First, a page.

The pizza in the video is the Poulidor and it's just one of many signature pizzas on the menu.  Other pizzas come topped with such innovative toppings like green curried coconut milk, paella, pineapple chutney.

Perhaps AS exciting as the pizza is getting a hot pink balloon right after placing your order.  It's an immediate reward that Pavlov would be proud of.  I pay money and I get a balloon!  My inner child comes alive and I'm happy to carry around the balloon the rest of the evening which is appropriately branded with their flamingo logo.

The hot pink balloons aren't the only thing flashy about the Pink Flamingo.  Their interior decor screams vintage, punk and rebellion.  Plastic flamingos, colored lights and vintage objects decorate the stores.  They truly live up to their slogan, "pas come les autres" or "not like any other."

I sat down with co-owner Jamie Young, a native of Boston who came to France 15 years ago with his French wife and business partner Marie Ravel.  Young invited me to meet him at his recently opened American gastropub called Floyd's.  A stuffed bear head hung on the wall as we talked about his first business venture Pink Flamingo, now 6 stores strong in 3 different countries: France, Spain and the Netherlands.

Young began his career in pizza making with he was just 18 years old and like riding a bike, he kept his skills with him when he moved to France and began working in a kitchen which served pizza in a full scale restaurant.  "About 10 years ago, the quality of pizza in Paris was really low.  There was maybe 1 or 2 places for a decent pizza and that was it."

While his focus wasn't initially geared toward pizza, Young discovered that pizza was entirely versatile and became the subject of his culinary experiments. At the end of the day in the restaurant, he began gathering the leftovers from the plat du jour or daily special and putting it on the next day's pizza.  Pizzas with nontraditional ingredients like cuban pork and boeuf bourguignon became a reality.

In Paris, where food has its strict rituals and boundaries, this kind of pizza had never been seen before.  Parisians were horrified and intrigued at having their favorite meals sold on a pizza.  Soon Young was having customers asking about the daily special so that they could come back the next day and have it on a pizza.  Before long Young realized that within Paris' food dictatorship, there was a market for something fresh and innovative, something rock n' roll, which they named Pink Flamingo.

Top 5 challenges from the start

Young and his wife were plagued with challenges the first two years they were open.  Keeping faith in their brand, they witnessed a growing following and have since been approached by a few dozen people wanting to open a franchise.  Below are some of their biggest obstacles they faced.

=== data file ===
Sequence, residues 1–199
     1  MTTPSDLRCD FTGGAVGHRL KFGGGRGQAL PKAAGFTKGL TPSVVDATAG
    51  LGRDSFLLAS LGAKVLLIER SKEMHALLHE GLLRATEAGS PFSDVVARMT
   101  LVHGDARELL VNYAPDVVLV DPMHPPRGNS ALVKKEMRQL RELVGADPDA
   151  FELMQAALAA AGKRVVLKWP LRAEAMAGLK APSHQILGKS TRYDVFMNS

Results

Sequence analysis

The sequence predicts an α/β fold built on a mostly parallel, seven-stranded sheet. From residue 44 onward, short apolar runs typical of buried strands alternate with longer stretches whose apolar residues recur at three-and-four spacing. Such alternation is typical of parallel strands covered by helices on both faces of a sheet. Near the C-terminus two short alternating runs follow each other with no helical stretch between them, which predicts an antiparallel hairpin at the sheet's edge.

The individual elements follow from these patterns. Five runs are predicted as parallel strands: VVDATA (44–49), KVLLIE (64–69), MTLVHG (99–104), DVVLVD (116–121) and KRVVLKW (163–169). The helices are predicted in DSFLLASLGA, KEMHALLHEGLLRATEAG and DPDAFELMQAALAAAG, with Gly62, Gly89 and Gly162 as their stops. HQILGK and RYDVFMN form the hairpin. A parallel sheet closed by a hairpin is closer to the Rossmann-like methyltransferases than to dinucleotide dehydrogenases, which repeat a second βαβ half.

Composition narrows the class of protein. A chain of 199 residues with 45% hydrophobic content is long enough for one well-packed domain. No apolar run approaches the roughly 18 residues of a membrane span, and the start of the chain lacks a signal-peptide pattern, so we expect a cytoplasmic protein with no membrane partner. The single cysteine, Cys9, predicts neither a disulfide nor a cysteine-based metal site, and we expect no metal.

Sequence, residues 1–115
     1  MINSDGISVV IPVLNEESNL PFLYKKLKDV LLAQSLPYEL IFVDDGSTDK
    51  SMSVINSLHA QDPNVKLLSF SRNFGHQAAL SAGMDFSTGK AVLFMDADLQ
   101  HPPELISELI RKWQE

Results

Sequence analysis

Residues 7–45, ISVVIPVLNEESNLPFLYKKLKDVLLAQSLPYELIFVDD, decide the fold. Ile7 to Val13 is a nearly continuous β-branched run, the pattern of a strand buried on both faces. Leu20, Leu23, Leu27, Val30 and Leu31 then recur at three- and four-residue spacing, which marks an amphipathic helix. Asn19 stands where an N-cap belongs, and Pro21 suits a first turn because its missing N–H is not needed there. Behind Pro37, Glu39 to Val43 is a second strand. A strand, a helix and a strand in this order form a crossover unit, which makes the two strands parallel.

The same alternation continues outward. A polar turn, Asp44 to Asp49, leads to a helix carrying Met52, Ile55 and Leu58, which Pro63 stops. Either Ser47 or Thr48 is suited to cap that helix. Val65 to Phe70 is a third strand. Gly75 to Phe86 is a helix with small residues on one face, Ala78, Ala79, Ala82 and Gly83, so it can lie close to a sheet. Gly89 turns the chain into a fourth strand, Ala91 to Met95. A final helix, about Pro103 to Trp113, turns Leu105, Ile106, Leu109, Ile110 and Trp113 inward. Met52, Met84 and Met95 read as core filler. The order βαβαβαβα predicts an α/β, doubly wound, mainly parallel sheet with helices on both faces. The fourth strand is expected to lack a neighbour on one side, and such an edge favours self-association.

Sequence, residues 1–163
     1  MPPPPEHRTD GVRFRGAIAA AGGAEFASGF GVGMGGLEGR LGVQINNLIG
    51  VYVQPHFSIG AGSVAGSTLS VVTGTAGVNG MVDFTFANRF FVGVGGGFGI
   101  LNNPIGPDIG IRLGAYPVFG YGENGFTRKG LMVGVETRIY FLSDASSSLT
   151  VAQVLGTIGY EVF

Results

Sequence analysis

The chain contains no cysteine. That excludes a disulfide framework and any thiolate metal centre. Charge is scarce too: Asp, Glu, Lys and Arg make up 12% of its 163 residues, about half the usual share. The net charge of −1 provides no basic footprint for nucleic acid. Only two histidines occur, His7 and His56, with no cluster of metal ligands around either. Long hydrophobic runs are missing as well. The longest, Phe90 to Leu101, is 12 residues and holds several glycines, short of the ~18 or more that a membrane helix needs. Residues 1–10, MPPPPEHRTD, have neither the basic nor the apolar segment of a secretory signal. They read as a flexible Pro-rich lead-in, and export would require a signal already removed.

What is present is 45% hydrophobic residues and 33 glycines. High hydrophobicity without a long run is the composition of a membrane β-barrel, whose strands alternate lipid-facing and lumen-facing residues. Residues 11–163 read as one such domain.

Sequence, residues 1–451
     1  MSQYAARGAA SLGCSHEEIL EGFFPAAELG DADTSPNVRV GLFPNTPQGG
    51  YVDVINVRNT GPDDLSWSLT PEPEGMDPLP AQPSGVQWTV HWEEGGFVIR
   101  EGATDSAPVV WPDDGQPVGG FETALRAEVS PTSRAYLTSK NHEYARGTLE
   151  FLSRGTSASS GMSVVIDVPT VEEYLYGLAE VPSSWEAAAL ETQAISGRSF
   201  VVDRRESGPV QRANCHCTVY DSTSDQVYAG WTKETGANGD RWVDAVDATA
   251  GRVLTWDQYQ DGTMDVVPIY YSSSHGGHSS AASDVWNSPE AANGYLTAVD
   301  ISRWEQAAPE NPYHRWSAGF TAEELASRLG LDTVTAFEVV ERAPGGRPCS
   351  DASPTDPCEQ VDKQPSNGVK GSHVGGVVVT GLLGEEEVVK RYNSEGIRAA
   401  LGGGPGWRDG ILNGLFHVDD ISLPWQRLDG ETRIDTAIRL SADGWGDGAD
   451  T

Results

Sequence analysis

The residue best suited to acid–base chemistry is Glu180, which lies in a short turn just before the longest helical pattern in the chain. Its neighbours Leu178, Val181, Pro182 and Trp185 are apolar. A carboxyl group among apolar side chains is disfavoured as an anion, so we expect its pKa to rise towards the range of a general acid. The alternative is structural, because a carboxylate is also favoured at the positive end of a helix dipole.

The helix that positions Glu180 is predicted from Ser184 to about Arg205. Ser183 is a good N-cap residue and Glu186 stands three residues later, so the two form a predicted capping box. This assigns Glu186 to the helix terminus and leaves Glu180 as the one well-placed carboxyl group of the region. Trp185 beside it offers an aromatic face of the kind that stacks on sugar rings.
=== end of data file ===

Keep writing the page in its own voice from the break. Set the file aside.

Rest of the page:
Challenge 1: No money for advertising
It's a familiar problem for pizzerias.  There is very little money for advertising so what do you put it into?  10 years ago social media wasn't developed yet and mainstream advertising in radio or TV

would be impossible in the competitive Parisian market with so many restaurants.  Their biggest campaign was printing stickers and using guerrilla marketing to spread them around Paris.  They also delivered menus in mailboxes.  Perhaps most importantly, their logo was visible on all of the hot pink balloons that picnickers would take to the canal.  I personally kept my balloon long after we left the canal.

Challenge 2: What do non-Italians know about pizza? 
Even today French people will often equate a very good pizza with a very Italian pizza. The idea in their minds is frequently that pizza has always been and always must be a traditional food from Italy. Young was forced to face harsh skepticism from the French which stereotype American food as being greasy, fried and completely unhealthy.  With this store he was able to show that fresh and organic ingredients were important to his brand. Any criticism toward his food quality were always resolved after the customer actually tried the pizza.

Challenge 3: Pizza was not held in high esteem 
Pink Flamingo offers a gourmet pizza experience which was completely new for the people of Paris.  Young explained that when he told people he had opened a pizzeria the response was not enthusiastic.  He was frequently met with a sighing, "what else is new type attitude."  This problem was also resolved by insisting that people TRY the pizza.

Challenge 4: Picnicking wasn't really popular yet
The area of Canal Saint Martin is packed full of eager picnickers today during the summer months but when Pink Flamingo opened it's humble doors in 2005 people did not have the habit of idling by the water with food and drinks.  Young and Ravel chose their location near the canal with the idea of delivering canal-side from the start but it took some pressuring customers at the beginning to get things moving.  Young states that they would force the balloon into their hand and tell them "TRUST ME, go sit on the canal. Just GO!"  Customers seemed unsure, but would hesitantly head over to wait for their pizza.  In time you could see several balloons waving along the canal, a testament to their popularity.